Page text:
The United States Department of Justice this month renewed its call for the federal Bureau of Prisons to speed up the release of more elderly and infirm inmates.
In a report released this month, the department’s Inspector General observed that the extremely high cost of incarcerating elderly inmates continues to skyrocket, even as BOP falls short of providing them with adequate care. Aging inmates cost 8 percent more to incarcerate than younger inmates, mostly because of increased medical needs.
Inmates 50 and older are the fastest-growing segment of the prison population, overwhelming prison medical staffs and facilities ill-suited to older people who require wheelchairs or walkers. Federal prisons are understaffed and fail to train staff to address aging inmates’ needs, the report found.
Access to medical care is limited by the lack of medical staff, resulting in poor treatment (or no treatment) and wait times exceeding 250 days. One elderly inmate told investigators he had been waiting two years to be taken for an examination to receive eyeglasses.
Overcrowded prisons lack enough lower bunks and handicapped-accessible showers and toilets for elderly inmates with limited mobility, and system-wide overcrowding restricts BOP’s ability to move aging inmates to facilities, including medical centers, that are best equipped to provide appropriate care.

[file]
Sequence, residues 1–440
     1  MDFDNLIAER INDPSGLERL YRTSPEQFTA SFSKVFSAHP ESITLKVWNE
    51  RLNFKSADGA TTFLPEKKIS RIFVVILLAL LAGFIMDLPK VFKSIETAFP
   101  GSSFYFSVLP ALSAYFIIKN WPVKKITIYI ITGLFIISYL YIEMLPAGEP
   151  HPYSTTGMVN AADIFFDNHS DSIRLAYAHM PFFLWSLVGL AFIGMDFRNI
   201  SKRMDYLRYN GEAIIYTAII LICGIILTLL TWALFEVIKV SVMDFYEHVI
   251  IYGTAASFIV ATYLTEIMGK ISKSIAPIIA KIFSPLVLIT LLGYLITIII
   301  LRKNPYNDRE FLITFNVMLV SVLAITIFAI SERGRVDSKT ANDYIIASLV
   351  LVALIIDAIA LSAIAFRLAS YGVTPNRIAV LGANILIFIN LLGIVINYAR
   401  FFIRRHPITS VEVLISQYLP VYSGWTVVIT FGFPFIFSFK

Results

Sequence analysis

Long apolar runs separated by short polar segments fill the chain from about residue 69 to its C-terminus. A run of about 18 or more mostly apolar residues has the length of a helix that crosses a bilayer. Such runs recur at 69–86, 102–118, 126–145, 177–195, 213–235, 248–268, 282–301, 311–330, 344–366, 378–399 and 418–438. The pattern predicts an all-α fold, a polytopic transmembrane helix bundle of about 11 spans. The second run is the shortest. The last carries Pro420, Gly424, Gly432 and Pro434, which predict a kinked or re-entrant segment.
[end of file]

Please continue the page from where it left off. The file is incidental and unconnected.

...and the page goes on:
DOJ is urging prison officials to reduce the need for more money to increase services for elderly prisoners (which Congress may be unlikely to allocate) by reducing the number of sick and aging inmates in custody. Many elderly inmates are viable candidates for early release. The report found that aging inmates have fewer misconduct incidents in prison and a lower rate of re-arrest after release.
In 2013, Attorney General Eric Holder announced expanded provisions for inmates 65 and older to seek compassionate release as part of DOJ’s Smart on Crime initiative. The BOP revised its eligibility provisions in response, but only two people have been released.
The Justice Department is now urging BOP to expand the eligibility provisions by lowering the age requirement to 50 and eliminating the 10 years served requirement. It has given BOP until July 31, 2015, to improve the conditions described in the report.